Former Mansfield Town boss David Flitcroft today said he was gutted for supporters of Bury FC to lose their club and angry they were allowed to get into the financial mess they ended up in.
The EFL last night expelled Bury after 134 years after they failed to prove themselves financially solvent and a late deal to save them fell through.
Flitcroft, who led the Shakers to promotion in 2014/15 during his three years there, said it would be a huge blow to the community as a whole.
Bury were one of the sides that pipped Mansfield to promotion last season, which ultimately cost Flitcroft his job with Stags, and he said: “I am sitting here at home not working and I feel aggrieved.
“I think that anyone who runs a football club professionally should feel aggrieved today that that was allowed last season.
“Bury had the best players, though couldn’t afford them. But they still used them and got promoted, then the next season find they’ve overspent.”
He stressed he had nothing but admiration for Ryan Lowe and his side’s achievements on the field.
“All credit to the group of players they had. With the football they played they deserved to get out of the league,” he said.
“Bury had the best players - top performers in League Two - and they were managed brilliantly by Ryan Lowe.
“But for the new owner to take over without a fit and proper test and passing it is wrong. I have been at clubs before where you’ve had to sell players as you can’t afford them
“I just think the EFL wanted the league to carry on last season and not worry about points deductions.”
However, he said the club’s expulsion from the EFL would hit the town hard.
“As a football fan waking up this morning I am disappointed for football and gutted for the community in Bury,” he said.
“You see how important a community club is to people.
“You have got the dads who want to take their kids to become Bury fans, and you have the older fans who want to be socially included, get out and watch the team, have a cause and something to believe in.
“Whether they are winning or losing, those people are getting out on a Saturday afternoon.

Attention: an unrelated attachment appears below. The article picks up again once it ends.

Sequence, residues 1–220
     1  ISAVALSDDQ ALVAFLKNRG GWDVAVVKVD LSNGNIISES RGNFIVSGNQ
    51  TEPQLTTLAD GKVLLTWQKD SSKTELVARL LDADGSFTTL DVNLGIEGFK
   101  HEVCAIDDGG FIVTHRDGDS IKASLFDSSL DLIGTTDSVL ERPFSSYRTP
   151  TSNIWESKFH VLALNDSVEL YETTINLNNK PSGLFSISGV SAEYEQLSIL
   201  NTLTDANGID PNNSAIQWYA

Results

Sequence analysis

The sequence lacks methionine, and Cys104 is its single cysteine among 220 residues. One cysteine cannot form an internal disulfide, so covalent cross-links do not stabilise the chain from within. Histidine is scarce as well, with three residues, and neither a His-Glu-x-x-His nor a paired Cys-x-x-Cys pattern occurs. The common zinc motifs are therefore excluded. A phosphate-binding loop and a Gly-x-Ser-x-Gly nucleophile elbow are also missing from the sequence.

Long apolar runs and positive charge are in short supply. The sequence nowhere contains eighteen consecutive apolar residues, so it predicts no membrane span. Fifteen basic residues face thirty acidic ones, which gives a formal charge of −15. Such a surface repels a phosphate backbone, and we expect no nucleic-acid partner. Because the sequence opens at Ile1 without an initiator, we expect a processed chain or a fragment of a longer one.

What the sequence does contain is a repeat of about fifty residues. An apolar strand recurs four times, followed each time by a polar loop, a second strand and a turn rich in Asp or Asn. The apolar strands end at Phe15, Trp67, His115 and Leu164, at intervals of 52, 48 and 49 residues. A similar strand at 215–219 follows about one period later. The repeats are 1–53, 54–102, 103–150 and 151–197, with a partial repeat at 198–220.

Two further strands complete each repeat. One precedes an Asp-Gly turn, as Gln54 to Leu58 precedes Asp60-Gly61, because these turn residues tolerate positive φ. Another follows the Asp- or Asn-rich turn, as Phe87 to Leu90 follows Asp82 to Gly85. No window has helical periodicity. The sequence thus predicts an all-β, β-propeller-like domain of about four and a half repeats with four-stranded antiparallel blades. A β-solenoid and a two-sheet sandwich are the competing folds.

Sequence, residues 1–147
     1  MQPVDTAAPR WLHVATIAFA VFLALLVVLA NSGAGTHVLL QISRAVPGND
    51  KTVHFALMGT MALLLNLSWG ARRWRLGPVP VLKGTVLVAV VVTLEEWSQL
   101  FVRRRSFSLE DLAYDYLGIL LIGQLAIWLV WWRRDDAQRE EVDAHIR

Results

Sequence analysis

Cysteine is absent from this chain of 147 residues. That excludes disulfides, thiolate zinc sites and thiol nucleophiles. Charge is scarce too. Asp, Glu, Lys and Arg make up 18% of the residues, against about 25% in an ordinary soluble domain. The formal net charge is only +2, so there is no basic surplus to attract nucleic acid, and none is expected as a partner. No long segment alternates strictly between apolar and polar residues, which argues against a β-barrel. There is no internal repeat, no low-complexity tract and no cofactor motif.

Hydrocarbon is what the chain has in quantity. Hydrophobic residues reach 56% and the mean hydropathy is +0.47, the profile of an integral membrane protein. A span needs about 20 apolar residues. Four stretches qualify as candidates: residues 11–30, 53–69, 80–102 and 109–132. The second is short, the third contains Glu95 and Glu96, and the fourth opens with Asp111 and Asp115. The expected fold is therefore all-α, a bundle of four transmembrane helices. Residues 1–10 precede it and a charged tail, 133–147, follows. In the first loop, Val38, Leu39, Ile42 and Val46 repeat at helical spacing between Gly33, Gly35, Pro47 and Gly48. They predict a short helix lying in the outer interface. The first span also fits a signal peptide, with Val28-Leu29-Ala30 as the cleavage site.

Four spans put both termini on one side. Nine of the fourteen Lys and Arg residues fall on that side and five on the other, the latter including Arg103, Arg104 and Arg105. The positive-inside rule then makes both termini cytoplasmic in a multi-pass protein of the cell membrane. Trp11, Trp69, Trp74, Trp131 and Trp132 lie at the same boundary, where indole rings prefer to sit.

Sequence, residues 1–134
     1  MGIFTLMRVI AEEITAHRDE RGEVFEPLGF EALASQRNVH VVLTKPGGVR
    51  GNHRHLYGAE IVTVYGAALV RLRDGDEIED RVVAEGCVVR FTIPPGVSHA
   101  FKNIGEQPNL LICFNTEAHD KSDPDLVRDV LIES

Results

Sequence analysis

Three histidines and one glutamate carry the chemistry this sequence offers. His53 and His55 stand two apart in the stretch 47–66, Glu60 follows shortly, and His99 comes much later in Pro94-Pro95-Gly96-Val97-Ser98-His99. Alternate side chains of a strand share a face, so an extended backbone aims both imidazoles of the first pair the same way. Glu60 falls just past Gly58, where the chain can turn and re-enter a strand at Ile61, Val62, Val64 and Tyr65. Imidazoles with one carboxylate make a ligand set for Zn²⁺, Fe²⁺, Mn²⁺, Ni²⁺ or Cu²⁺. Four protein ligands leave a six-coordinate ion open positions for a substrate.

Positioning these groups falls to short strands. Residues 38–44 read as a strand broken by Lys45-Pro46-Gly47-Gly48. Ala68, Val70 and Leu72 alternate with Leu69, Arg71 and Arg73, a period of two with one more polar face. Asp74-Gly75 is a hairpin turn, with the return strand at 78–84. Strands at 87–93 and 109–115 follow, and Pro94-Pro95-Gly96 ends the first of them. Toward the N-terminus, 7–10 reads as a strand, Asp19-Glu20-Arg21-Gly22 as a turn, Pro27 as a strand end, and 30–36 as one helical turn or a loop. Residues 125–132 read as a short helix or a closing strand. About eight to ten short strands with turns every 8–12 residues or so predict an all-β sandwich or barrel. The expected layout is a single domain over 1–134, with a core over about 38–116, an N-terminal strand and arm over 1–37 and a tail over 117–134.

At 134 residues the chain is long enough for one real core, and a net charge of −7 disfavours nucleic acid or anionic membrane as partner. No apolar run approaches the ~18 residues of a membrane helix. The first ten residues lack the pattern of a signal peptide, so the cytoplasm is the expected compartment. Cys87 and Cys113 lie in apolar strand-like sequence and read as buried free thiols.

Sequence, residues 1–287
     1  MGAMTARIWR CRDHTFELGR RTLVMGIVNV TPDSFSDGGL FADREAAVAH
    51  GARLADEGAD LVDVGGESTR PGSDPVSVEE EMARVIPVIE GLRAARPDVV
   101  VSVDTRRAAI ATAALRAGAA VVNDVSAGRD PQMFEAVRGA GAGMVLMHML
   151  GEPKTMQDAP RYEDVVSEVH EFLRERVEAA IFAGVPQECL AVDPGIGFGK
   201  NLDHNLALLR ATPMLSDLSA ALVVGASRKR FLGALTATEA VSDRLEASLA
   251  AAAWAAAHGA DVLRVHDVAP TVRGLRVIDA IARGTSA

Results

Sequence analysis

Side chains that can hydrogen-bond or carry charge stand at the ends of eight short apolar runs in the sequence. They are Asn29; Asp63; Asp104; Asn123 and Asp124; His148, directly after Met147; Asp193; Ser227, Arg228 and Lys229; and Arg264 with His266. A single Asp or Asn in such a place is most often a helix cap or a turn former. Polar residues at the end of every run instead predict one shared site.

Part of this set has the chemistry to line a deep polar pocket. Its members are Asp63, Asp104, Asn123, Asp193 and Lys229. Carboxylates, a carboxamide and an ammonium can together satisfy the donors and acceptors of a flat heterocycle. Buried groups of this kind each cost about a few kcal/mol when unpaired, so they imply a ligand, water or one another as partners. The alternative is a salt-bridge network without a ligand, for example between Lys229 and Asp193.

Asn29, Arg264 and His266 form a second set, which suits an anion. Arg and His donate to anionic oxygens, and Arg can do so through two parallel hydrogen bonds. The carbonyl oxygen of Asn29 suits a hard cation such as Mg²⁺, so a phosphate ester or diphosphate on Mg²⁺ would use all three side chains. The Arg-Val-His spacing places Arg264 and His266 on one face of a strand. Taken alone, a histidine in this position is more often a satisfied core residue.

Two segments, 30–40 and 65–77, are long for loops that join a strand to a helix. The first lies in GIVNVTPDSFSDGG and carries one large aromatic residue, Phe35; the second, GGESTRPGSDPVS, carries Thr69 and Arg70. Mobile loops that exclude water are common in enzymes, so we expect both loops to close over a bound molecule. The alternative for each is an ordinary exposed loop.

“You can go on away days with the club and it gives you a cause, a belief and a purpose – any football club does, League or non-League football.
“But mismanagement has given up that right for that community to support their football club. That’s the saddest part of it for me.
“It’s a really sad day for football as you see communities are built on that being together on a Saturday afternoon.
“You can see and feel the passion which is born out of a belief system that your grandad passed onto your dad and then onto you and your son.
“It’s a strong connection that football clubs have.”
Flitcroft said the money problems of lower league clubs hurt even more with the Premier League dripping with money.
“With all the wealth in the game it’s very difficult for a normal supporter to come to terms with what has happened,” he said.
“Could the football world have come together to save Bury? The problem is that if other clubs are struggling they have to bail them out as well.
“I think it’s a wider problem. When the Premier League split away the EFL decided to take the money which were just the crumbs from their table.
“The Premier League has just got wealthier and the smaller clubs have got smaller.
“In Germany the wealth throughout the league underpins the supporters’ money coming in and you don’t have to pay as much on the turnstiles – and they have got full stadiums.
“You don’t have to pay £20 and more to get in. If you have a family now here it’s £100 a game.
“You also have football on the telly every single night – and it’s done brilliantly.
“Sky have invested in getting good people on the TV and good pundits. It’s an entertainment.
“So there are a lot of things lower league clubs are fighting against.
“But the first thing we are all fighting against is splitting off from the Premier League.”
Mansfield striker Danny Rose, who joined Stags from Bury, Tweeted that he was ‘gutted’ at the news of his former club’s demise.